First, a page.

BEIJING/DETROIT (Reuters) – U.S. automaker Ford Motor Co is overhauling its China plans as its global “One Ford” strategy is holding it back in the world’s biggest auto market, two high-ranking company insiders told Reuters.
The review of its China operations, part of a broader strategy re-think under new CEO Jim Hackett, will likely see Ford focus on electric commercial vans, which China is encouraging in its polluted and congested city centers, as well as electric cars.
A shift to e-vans and e-trucks in China would also fit with Ford’s reckoning that a best play globally for electrification and autonomous driving might be in commercial and delivery vehicles – a part of the market where it is already strong in the United States and Europe.
The “One Ford” strategy – which helped the automaker’s turnaround under former CEO Alan Mulally – doesn’t fit all situations, the two insiders said, particularly in China and India, two crucial markets where Ford’s sales have slowed.
“That’s why nobody internally talks about ”One Ford“ (in those markets) anymore,” said one of the insiders, who are familiar with Ford’s Chinese strategy. Neither wanted to be named as they are not authorized to speak with reporters.
In a sign that Ford is turning away from what is essentially a global push of its Ford and Lincoln brands, the Dearborn, Michigan automaker wants to drive its truck-making China partner Jiangling Motors Corp (JMC) more toward electric commercial vans.
Such a move is “potentially lucrative” as China’s big cities effectively ban gas and diesel trucks and vans, and “none of the foreign automakers has made any major investment or strategic move in this emerging electric commercial vehicle segment,” said Yale Zhang, head of Shanghai-based consultancy Automotive Foresight.
Sherif Marakby, Ford’s vice president of autonomous vehicles and electrification, told Reuters he couldn’t comment on specific partnerships that haven’t been announced. “But we are absolutely open to (EV) partnerships in different markets, and we continue to talk to other companies and Tier One suppliers. Don’t be surprised to see more partnerships in electric vehicles in different markets,” he said.
In India, Ford and local automaker Mahindra and Mahindra said last month they will launch a strategic alliance in a market shifting to vehicle electrification.
In August, Ford said it was considering a joint venture with Anhui Zotye Automobile Co to build electric vehicles in China under a new brand, tapping Zotye’s low-cost electric-vehicle (EV) technology. One of the insiders said Ford was seeking Chinese regulatory approval for this.
It has also brought in Jason Luo, a Chinese-born American, from U.S.-based air bag maker Key Safety Systems to run its China operations. He has been tasked, one of the insiders said, with building closer ties with local partners including JMC and Changan Automobile Co, working more effectively with regulators, and responding faster to changing consumer tastes.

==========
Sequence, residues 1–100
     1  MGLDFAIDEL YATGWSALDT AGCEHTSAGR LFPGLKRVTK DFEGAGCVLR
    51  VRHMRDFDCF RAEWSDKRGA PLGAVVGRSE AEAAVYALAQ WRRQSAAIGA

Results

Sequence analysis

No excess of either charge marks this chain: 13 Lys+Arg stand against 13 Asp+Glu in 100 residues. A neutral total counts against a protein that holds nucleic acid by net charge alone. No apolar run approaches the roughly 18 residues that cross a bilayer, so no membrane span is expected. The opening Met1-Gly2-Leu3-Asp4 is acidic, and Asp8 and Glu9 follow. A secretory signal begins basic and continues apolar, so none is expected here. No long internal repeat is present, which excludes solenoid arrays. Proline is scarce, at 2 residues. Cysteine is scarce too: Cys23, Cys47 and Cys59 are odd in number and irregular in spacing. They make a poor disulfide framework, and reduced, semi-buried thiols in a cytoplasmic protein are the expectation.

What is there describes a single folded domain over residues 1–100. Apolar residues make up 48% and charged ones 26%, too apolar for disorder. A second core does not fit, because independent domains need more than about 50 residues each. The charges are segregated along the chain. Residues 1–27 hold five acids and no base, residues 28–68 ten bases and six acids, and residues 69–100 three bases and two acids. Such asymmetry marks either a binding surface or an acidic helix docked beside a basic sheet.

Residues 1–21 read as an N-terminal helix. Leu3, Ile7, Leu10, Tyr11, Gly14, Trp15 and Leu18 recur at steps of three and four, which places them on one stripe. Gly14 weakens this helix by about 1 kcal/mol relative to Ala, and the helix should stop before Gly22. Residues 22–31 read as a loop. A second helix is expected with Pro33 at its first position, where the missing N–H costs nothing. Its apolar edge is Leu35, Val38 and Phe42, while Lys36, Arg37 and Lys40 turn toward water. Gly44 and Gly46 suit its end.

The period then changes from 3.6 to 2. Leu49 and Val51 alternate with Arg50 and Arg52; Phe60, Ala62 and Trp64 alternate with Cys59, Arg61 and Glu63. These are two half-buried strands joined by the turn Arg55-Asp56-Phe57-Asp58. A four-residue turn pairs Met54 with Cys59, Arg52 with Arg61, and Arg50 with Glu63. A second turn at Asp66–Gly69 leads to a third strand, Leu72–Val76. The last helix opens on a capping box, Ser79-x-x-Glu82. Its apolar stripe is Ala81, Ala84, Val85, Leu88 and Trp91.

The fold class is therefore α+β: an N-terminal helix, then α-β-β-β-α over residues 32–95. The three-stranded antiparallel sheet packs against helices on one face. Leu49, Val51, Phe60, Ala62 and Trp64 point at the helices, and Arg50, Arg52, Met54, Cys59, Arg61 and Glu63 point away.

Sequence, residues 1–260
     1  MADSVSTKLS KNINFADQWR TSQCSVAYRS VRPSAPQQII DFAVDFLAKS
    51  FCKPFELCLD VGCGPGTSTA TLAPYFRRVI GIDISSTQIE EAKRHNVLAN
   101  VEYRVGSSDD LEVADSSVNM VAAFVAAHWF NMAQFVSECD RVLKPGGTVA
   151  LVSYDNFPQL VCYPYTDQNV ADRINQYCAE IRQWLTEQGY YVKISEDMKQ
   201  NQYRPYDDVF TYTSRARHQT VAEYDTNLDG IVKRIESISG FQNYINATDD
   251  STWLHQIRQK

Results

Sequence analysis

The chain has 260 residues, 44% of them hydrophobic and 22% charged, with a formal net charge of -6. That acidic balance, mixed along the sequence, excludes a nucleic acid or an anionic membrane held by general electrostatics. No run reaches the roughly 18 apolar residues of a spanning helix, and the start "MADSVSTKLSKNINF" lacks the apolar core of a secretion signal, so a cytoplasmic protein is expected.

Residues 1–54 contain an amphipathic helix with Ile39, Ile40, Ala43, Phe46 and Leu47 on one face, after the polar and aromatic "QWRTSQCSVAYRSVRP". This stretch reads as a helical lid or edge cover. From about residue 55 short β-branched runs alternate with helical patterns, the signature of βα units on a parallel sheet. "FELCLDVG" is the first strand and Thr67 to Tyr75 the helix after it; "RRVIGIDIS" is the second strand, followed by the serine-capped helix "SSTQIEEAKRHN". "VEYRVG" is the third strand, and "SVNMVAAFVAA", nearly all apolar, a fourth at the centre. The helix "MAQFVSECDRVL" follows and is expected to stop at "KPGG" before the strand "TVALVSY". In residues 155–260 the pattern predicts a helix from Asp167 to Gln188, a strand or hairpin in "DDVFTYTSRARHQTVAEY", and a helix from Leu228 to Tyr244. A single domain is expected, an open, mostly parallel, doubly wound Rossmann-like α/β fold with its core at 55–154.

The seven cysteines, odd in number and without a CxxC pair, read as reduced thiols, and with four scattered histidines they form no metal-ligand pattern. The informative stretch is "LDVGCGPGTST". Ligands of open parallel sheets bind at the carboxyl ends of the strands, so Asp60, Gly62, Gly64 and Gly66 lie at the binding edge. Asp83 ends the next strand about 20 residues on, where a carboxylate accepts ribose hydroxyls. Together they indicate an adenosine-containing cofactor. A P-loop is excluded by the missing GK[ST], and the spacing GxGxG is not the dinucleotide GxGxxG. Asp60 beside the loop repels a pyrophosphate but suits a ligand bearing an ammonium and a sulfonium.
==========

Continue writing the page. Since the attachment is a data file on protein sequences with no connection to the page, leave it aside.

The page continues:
“One big issue at Ford China is our decision-making process is too slow,” one of the knowledgeable insiders said. “We try to manage everything, all aspects of the business under ”One Ford“,” and that hobbled the company’s ability to move quickly, costing market share.
Ford’s China sales are forecast to decline 4.6 percent this year, according to LMC Automotive, a far cry from double-digit growth just five years ago.
Ford has no affordable electric plug-in cars for the Chinese market, despite it being little secret that Beijing planned new quotas for all-electric battery cars and heavily electrified plug-in hybrid vehicles. Those quotas were announced late last month.
Nor does Ford have a high-volume brand of affordable entry cars for China – such as the Baojun cars sold by rival General Motors Co and its China partner SAIC Motor Corp. Launched in 2010, Baojun sold more than 2 million vehicles last year.
With JMC, its nearly one-third-owned venture with JMC Group, Ford was slow to expand the light commercial vehicle maker into low-cost entry passenger cars – a market that has now become saturated with Chinese-branded cars and foreign-operated China-only brands like Baojun and Nissan Motor Co’s Venucia.
Ford’s missteps in China were partly through a rigid adherence to the “One Ford” mantra and a lack of local knowledge, one of the insiders said, noting company executives sent into China often lacked the cultural ties to work with Chinese regulators, policymakers and partners.
Also, China’s market, consumer tastes and government policies shift rapidly, the person said.
“Ford is having difficulty keeping up with ‘China speed’. Everything here moves so fast.”
Reporting by Norihiko Shirouzu and Joseph White, with additional reporting by Paul Lienert; Editing by Ian Geoghegan